Not Done Yet
Reaching and Keeping Unchurched Emerging Adults
by Beth Seversen
This title was previously available on NetGalley and is now archived.
Pub Date 28 Jul 2020 | Archive Date 27 Aug 2020
"Not Done Yet is a gift to the church. The antithesis of formulas, gimmicks, program-heavy strategies, and other unnatural approaches, this book presents an evangelism that is based on friendship, real church, and changing culture. One senses in these pages a gifted evangelist who is sharing her secrets of bearing witness to the beauty and power of the gospel."
-Al Tizon, affiliate associate professor of missional and global leadership at North Park University, executive minister of Serve Globally, Evangelical Covenant Church
"If your ministry is interested in reaching young adults, Not Done Yet is a strong primer. The five practices—initiate, invite, include, involve, and invest—are not only helpful but something that's congruent with the ways that our most thriving communities tend to operate. These rhythms, if practiced, would be transformative, not only for your faith community but also for the spiritual lives of young adults around you."
-James Choung, vice president for strategy and innovation with InterVarsity Christian Fellowship/USA, author of True Story and Longing for Revival
"Not Done Yet has clearly captured the calling on the church in North America to reach emerging adults in the name of Jesus Christ. Dr. Beth Seversen provides an encouraging voice of challenge and presents a pathway for the church to regain trust with millennials and Gen-Z. The cultural and generational barriers in the church today mandate that we must grow in our understanding and investment for this younger generation. Not Done Yet is a must-read for every leader in your church and community."
-Tim Ciccone, director of youth and young adult ministry for the Evangelical Covenant Church
"Beth Seversen has done her homework. I like her interviews of secular people attending the Burning Man festival. She also highlights various fruitful 'bright spot' churches who are doing a great job reaching today's teens and twentysomethings. Enjoy!"
-Doug Schaupp, national director of evangelism, InterVarsity Christian Fellowship/USA
Available on NetGalley
Average rating from 3 members
I appreciate how Beth looks at how not only churches can reach the unchurched, but congregants, friends, family as well. It's really a practical way to invite people to church and how we can make them belong.
Christians, including church leaders, unfortunately engage in a whole lot of victim blaming. They harshly blame confused, doubting, and hurting Christians, calling them “lost,” “heretics,” or simply “wayward sinners.” However, they are not wayward and bitter, prodigal sons or daughters who chose to take all the beautiful things you learned, along with your rich inheritance of the Christian faith, only to squander it in some big debauched and satanic soirée. They are hurting, misunderstood, and are looking for those who will listen and love them. Beth's "Not Done Yet" is an an incredible, thought-provoking, and practical guide for church leaders to be missional-minded when it comes to the unchurched and dechurched (and so the unchurched who become churched don't become the dechurched). Excellent job!!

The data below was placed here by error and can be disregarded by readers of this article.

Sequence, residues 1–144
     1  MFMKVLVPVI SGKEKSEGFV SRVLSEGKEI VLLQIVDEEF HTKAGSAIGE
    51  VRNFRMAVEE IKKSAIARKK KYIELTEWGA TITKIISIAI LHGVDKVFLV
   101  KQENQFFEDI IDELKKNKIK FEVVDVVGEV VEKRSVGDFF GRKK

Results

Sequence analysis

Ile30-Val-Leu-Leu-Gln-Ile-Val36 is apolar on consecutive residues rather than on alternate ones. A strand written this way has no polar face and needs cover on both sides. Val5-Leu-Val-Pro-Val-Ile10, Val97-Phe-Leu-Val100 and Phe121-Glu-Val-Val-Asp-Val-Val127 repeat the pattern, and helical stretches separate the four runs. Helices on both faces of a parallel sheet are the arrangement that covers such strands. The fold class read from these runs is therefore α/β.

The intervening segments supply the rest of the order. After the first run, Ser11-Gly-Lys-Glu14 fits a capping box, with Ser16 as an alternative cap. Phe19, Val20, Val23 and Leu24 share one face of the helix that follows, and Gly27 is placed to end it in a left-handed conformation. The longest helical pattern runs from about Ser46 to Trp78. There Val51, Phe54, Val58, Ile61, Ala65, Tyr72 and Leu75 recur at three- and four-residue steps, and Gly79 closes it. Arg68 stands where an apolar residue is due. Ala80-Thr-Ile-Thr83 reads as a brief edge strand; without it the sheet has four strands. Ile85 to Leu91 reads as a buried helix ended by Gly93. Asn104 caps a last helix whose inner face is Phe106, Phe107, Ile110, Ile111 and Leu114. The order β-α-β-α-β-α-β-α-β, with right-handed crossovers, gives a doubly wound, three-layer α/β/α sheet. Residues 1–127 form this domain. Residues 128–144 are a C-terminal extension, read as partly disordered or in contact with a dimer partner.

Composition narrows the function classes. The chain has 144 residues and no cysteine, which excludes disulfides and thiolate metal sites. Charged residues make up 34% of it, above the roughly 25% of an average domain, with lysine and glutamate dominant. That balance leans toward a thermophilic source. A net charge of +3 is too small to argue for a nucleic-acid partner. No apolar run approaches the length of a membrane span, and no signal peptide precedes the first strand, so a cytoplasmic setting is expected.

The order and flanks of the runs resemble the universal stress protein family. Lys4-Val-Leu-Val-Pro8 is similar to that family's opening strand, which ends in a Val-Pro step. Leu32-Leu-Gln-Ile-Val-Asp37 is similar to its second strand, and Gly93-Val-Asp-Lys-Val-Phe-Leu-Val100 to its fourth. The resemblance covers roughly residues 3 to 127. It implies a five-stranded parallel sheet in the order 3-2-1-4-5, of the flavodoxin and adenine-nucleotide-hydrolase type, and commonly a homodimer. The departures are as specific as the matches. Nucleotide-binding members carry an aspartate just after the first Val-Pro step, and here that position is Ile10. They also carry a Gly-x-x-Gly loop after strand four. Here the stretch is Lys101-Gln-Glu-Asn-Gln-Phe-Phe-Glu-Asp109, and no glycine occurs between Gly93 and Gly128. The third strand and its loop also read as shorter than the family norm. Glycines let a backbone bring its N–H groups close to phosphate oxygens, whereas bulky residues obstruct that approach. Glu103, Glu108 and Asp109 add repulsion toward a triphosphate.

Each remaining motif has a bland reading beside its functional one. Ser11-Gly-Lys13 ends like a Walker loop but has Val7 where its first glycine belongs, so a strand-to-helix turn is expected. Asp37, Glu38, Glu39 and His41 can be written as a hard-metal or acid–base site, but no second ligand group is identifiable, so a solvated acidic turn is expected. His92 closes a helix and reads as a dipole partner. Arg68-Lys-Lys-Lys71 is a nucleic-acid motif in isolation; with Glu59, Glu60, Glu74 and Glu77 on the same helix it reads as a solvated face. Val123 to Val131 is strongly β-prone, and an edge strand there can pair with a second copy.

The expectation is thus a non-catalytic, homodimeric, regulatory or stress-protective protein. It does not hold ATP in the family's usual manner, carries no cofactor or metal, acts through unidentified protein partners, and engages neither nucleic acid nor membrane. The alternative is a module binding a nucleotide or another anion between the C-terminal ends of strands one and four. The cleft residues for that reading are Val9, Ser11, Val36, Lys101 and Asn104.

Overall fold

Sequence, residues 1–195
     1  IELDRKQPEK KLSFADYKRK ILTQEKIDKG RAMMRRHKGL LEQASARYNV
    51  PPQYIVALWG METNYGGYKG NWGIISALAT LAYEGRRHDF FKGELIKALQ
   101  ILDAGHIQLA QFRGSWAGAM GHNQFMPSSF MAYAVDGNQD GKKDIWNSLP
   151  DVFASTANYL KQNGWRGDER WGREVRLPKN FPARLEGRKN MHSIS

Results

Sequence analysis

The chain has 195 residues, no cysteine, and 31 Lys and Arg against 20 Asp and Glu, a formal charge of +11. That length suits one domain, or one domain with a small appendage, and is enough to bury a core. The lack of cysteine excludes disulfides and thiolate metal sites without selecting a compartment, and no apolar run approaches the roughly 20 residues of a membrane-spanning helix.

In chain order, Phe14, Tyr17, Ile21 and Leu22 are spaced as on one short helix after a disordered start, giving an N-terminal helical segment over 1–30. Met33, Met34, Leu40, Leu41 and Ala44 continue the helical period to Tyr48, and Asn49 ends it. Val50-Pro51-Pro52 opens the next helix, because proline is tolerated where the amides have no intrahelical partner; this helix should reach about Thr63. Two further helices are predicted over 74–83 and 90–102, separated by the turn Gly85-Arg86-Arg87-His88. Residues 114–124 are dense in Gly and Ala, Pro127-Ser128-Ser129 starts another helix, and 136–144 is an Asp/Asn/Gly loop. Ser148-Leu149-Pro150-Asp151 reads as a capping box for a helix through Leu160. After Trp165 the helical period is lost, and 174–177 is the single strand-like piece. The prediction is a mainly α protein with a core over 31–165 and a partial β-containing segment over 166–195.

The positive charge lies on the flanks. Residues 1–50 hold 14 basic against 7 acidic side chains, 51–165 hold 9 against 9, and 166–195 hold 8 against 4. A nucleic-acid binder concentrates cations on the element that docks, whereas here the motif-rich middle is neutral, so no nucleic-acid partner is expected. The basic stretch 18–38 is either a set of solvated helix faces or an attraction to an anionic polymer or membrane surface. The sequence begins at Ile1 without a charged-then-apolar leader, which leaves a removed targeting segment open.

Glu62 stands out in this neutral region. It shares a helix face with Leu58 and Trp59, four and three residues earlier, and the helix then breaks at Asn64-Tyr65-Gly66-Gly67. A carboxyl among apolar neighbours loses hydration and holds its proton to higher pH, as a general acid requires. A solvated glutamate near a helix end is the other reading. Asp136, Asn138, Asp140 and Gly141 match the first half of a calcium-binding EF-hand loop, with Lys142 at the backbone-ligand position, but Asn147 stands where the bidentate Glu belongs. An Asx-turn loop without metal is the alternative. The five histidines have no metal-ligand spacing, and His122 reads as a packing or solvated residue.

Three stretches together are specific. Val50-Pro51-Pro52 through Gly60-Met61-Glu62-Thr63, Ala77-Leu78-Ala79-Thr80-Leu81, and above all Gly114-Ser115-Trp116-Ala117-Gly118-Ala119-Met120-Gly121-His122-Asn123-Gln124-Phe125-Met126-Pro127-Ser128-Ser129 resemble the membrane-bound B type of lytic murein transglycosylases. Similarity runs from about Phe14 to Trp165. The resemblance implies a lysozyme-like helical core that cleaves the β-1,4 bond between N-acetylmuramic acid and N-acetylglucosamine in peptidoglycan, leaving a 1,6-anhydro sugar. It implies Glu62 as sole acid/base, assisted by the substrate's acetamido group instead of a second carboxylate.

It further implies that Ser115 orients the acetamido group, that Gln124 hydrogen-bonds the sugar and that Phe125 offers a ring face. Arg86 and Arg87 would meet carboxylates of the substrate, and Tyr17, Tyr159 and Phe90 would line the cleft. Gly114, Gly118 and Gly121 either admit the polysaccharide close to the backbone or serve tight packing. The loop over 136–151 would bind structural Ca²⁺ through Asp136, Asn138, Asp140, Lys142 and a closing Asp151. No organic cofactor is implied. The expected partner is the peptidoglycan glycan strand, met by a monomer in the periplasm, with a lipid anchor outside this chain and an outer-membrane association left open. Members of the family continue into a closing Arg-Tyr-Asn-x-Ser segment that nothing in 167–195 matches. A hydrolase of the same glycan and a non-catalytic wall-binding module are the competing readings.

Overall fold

Every generation comes with their own sets of challenges. Put together multiple generations and the challenges are multiplied. As the Boomer generation ages, the Millenials and the Gen Zs are starting to take center-stage in many parts of society. The same applies to churches as well. Here is the problem. More of the younger generation are either "nones" or "dones." The former are those who claim to believe but do not state any church affiliation. The latter are those who are pretty fed up with Church per se and seek to find new and greener pastures. Worse, the numbers for both "nones" and "dones" are growing. In this hopeful book, the author and scholar Elizabeth Donigan Seversen believes that there is still hope for those in churches before they become a "done." The way is to learn from churches who have successfully reached out to the younger generation in their communities. The author hopes to help us see and understand emerging generation of adults, especially those who have never stepped foot into a Church. She compiles "nine initiatives" that we can all benefit from. - Five I's of effective churches: Initiating, Inviting, Including, Involving, and Investing. - Engaging in Christian Community to behave like Christians before believing and committing. - Incorporating and retaining emerging adults before and during the evangelization process - Evangelism within the Church - Promote retention activities such as service projects - Blending evangelism and retention strategies - Joining young adults in mutual risk-taking - Be a part of the "moral community" with like-minded friends to support, legitimate, and help maintain faith - Building a collective Christian identity Seversen then charts these initiatives into 13 chapters, each focusing on one particular aspect of engagement. Crediting the "bright-spot churches" for the ideas, she looks at them based on qualitative data based on research on unchurched young adults (18-33). The criteria for success is to see eight new converts becoming active annually in the church in some way. Her key contribution is in the 5Is or the five best practices, which she tries to integrate all the initiatives above. Best churches are those who are: - Initiating relationships and conversations with unchurched people; - Inviting people through warm welcomes and friendly activities; - Including unchurched people in community groups; - Involving young people in services within and without; - Investing in people through mentoring, caring, and leadership development. My Thoughts ============== Youth ministries are perhaps the toughest, if not one of the toughest ministries, primarily because youth contexts change much faster than what most leadership could anticipate. Some churches have totally given up on the work altogether either due to lack of resources or the inability to keep up with the changes. It is understandable when Church leaders are "done" with the work, just based on the sheer amount or resources and commitment needed. This would be most unfortunate and it takes reminders like Seversen's book to show us the way. As the author has pointed out, those in the younger generation are feeling more disconnected than ever. We need to find a way to reach out to them and better still, to make it bi-directional where both the young and the rest of the church are able to freely communicate and connect. One significant observation is about "religious identity construction" that occurs when a person is in the late 20s or early 3s. That means if we give up prior to that, we will miss the window of opportunity. In other words, the ages 18-29 represent a significant opportunity for ministry. Plus, these young adults who are absent from church would generally not return. I like to offer some thoughts with regard to the book structure, the significance of the book's thesis, and the way we can use the book's ideas. First, with regard to the structure, I find it interesting that the author embeds her 5Is with preceding chapters to give us the context. For instance, before jumping into initiating and inviting, she gives us some academic work done on understanding emerging adulthood. It is one thing to be offering ideas and frameworks, it is yet another to understand why it has been formulated in the first place. Frameworks do not occur in a vacuum. Seversen highlights James Emery White's observation of the Gen Z as "recession marked, Wi-Fi enabled, multiracial, sexually fluid, and post-Christian." This is where the challenge comes in, which is why one needs to be sensitive to the contexts of Gen Z before even jumping into any strategy. Another key observation is how Seversen shows us that it is not only about the emerging adults, we also need to realize our own contexts, our own faith communities. How do we create a mentoring environment in order to make the community more welcoming? That is where the second preparatory chapters come in. "Welcoming" and "Changing" reminds us that we cannot just depend on the emerging adults to come and join us. We need to be welcoming in the first place, even if that means we learn to change our own existing attitudes. Seversen's "expectancy" theory ought to be given further consideration. Second, the thesis of the book can be summarized as: "It's not too late" or "Don't give up" on the Church's ministry for the younger generation. Ministry to the 18-28s is not for the faint-hearted. Neither is it impossible. Seversen reminds us not to be deceived by the common perceptions to the point that we give up even before trying anything. We might have heard horror stories experienced by other leads or churches but that does not necessarily mean we will fall into the same predicament. Put it another way, the rewards of the hard work will be sweet. Even if we do not see the results in our lifetime, we hope that other generations will benefit from it. Ministry in young people is essentially investing in the future of the next generation. If we give up in any way, we are losing the opportunity for such an important group of people. By drawing inspiration from the churches who have successfully reached out to this younger emerging adults, the rest of us would see hope and opportunity. Hopefully, we will not see merely the Church doing ministry "for" the young, but to see the young being inspired enough to initiate the leading. Finally, how do we use this book? Adopt the ideas but when it comes to implementing it, understand our own churches first. It is tempting to squeeze the format into our own churches wholesale. I would discourage that because every Church situation is different. Use the book's ideas to form a big picture of what is possible. Then, take time to do a SWOT (Strengths, Weaknesses, Opportunities, and Threats) analysis of our own Church communities. It is fair to say that once we understand our own Church situation, we will be better equip to implement new ideas while jettisoning non-functional old ones. Seversen gives us a lot of ideas to think about. Plus, remember that ministry is a team game. It is not enough for just one person to read this book and expect others to follow along. Time and training need to be organized to prepare fellow ministry workers and volunteers to keep in step with the ideas. This is possible with Seversen's inclusion of practical tips through "action steps" and "starting the conversation." Beth Seversen (PhD, Trinity Evangelical Divinity School) is associate professor of Christian ministries and director of the Center for Christian Ministries and Practical Theology at North Park University in Chicago. Previously the director of evangelism for the Evangelical Covenant Church, she also has served as associate pastor at churches near Kansas City and Milwaukee. She is vice-chair of the Academy for Evangelism in Theological Education. Rating: 4.75 stars of 5. conrade This book has been provided courtesy of InterVarsity Press and NetGalley without requiring a positive review. All opinions offered above are mine unless otherwise stated or implied.